The Song was written as a follow up to a movie by the same name. The story isn’t new---a young performer rises to the top and can’t resist the temptations and demons associated with stardom. He falls hard, but comes back to faith and the long, slow process of restoration. Meanwhile his wife and son bear the consequences of his choices. Forgiveness won’t come easily.
In spite of the predictability of the story, the narrative kept my attention and drew me into the hearts and minds of the main characters. The love that draws Jed and Rose together is sweet and tender just like the Song he writes for her. The Song , alive with passion, quickly becomes a hit in Jed’s climb to fame. When temptress, Shelly, joins the performance, there isn’t much hope that it will remain Jed’s love song to Rose. The path to Jed’s destruction is slow and progressive. It is painful to watch the chasm grow between Jed and Rose.
The book’s foreward, by Kyle Idleman, author of Not a Fan, shares the background for the story and the hope that it will portray God’s unfailing love and the beauty and strength of the love between man and woman. The story is inspired from the Song of Solomon in the Old Testament. Without being told this was a Song of Solomon story, I would not have made that connection just from reading the book.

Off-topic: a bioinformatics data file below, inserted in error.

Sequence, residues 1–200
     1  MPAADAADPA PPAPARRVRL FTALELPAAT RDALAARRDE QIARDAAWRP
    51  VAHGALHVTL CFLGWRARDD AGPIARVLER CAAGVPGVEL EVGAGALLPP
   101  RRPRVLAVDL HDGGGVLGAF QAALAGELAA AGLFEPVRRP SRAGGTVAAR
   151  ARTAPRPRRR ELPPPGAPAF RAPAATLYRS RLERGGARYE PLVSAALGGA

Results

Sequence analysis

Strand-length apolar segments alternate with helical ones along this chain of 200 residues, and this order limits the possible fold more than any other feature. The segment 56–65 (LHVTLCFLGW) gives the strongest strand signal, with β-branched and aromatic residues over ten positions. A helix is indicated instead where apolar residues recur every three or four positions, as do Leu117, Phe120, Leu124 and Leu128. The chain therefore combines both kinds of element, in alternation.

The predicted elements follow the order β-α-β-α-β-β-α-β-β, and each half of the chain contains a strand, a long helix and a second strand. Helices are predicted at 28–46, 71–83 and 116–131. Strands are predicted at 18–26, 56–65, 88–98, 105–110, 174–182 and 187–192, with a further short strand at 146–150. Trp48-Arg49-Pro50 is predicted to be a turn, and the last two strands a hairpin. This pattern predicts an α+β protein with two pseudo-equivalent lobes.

The text is engaging and flows well. The characters are believable, as are the pressures in the music industry. Chris Fabry’s storytelling challenges readers to guard our hearts against the temptations that can tear apart marital love. This story should also be a call to Christ followers to pray for Christian artists who balance work with family and for them to resist the pull to compromise the message of His story in order to pursue wealth and fame.
Fabry has written other books for youth and adults. I am interested in reading more from this author.
I received a complimentary copy of the book for review purposes from Tyndale House.